Despite Ukraine’s suspicions, Lysenko said that the aid is needed and that Ukraine would allow the Red Cross to distribute it if Ukraine and the aid group find the material suitable.

Months of fighting has killed hundreds of people and, aid groups say, left thousands in eastern Ukraine without access to water, electricity and proper medical aid.

The Red Cross is trying to establish what exactly is in the trucks, Andre Loersch, a Red Cross spokesman in Kiev, said.

The Red Cross “will temporarily deploy additional personnel to Ukraine and Russia for the purpose of this operation and is already in the process of identifying its staff ready for deployment,” Loersch said. “A four-member team is already present today in the vicinity of the convoy, and more staff are on their way.”

Moscow says the trucks contain grain, sugar, baby food, medical supplies and sleeping bags.

Ukraine, meanwhile, says it is distributing its own aid through the Red Cross.

The Kiev-recognized governor of Luhansk, Irina Verigina, said this week that she doesn’t want aid from Russia.

“They send us tanks and Grads (rocket-launching vehicles) overnight and offer to send humanitarian aid by day,” she said.

Battle rages on

Tens of thousands of Ukrainian troops have recently stepped up efforts to retake areas in and around Luhansk, Donetsk and Horlivka, three cities held by rebels for months.

Donetsk has been the scene of intense shelling for days as rebels try to hold off Ukrainian forces. Eleven civilians were killed in a 24-hour period straddling Thursday and Friday, the Donetsk mayor’s office said.

Many districts were without power and water, the mayor’s office said. A CNN crew that was in Donetsk earlier noted that the shelling had pushed some residents underground into cellars and half-built basements.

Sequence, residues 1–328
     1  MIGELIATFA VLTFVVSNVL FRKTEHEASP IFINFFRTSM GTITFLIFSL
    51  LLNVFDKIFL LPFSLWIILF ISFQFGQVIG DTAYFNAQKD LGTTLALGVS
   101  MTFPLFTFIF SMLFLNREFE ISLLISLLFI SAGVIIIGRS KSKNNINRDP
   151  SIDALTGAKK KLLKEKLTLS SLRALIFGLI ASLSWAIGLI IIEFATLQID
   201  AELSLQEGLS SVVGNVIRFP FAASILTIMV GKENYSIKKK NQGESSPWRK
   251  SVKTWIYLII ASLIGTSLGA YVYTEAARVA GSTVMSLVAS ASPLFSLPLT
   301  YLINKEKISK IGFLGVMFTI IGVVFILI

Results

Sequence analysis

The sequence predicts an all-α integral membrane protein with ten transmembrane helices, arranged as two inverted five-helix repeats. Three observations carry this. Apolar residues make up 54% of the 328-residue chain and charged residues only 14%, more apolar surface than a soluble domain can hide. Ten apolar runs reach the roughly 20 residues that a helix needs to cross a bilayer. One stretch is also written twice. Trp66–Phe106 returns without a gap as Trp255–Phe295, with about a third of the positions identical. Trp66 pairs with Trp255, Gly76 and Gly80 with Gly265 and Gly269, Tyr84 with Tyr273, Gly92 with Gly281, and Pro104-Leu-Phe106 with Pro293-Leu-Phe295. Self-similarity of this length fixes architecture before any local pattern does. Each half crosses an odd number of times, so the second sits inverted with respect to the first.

Five Ukrainian troops were killed in the past day, Lysekno said Friday, adding that some rebels were retreating, trying to dig in closer to the Ukraine-Russia border.

The ongoing fighting — sparked last year with a political crisis over whether Ukraine would seek closer ties with Europe or Russia — has left more than 2,000 people dead and just under 5,000 wounded in eastern Ukraine since mid-April, according to estimates from U.N. officials.

The United States and the European Union have applied steadily increasing sanctions against Russian officials, banks and other interests since March, when Russia annexed the Black Sea Ukrainian peninsula of Crimea. Russia’s move came a month after Ukraine’s parliament ousted pro-Moscow President Viktor Yanukovych.

Yanukovych left office after violent protests against his government in the capital, Kiev. Those protests were motivated in part by his decision to back out of a trade deal with the European Union in favor of closer ties with Russia.

Journalist Victoria Butenko reported from Kiev, CNN’s Jason Hanna reported and wrote from Atlanta, and CNN’s Jethro Mullen reported and wrote from Hong Kong. CNN’s Radina Gigova, Diana Magnay, Will Ripley and Lindsay Isaac contributed to this report.